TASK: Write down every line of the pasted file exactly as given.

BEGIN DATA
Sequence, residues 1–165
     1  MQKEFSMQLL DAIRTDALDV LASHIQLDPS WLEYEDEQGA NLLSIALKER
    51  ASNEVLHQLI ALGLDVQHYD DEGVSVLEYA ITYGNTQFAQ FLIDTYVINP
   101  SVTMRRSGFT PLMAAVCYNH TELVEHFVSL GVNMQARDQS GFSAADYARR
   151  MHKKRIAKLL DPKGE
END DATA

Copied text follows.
Sequence, residues 1–165
     1  MQKEFSMQLL DAIRTDALDV LASHIQLDPS WLEYEDEQGA NLLSIALKER
    51  ASNEVLHQLI ALGLDVQHYD DEGVSVLEYA ITYGNTQFAQ FLIDTYVINP
   101  SVTMRRSGFT PLMAAVCYNH TELVEHFVSL GVNMQARDQS GFSAADYARR
   151  MHKKRIAKLL DPKGE